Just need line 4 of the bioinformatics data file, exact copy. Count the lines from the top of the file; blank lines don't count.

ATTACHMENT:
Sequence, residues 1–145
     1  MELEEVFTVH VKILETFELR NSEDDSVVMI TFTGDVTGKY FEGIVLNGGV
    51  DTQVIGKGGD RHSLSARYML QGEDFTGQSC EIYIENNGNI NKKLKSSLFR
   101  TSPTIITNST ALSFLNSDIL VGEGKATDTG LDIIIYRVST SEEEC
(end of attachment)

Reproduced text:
   101  TSPTIITNST ALSFLNSDIL VGEGKATDTG LDIIIYRVST SEEEC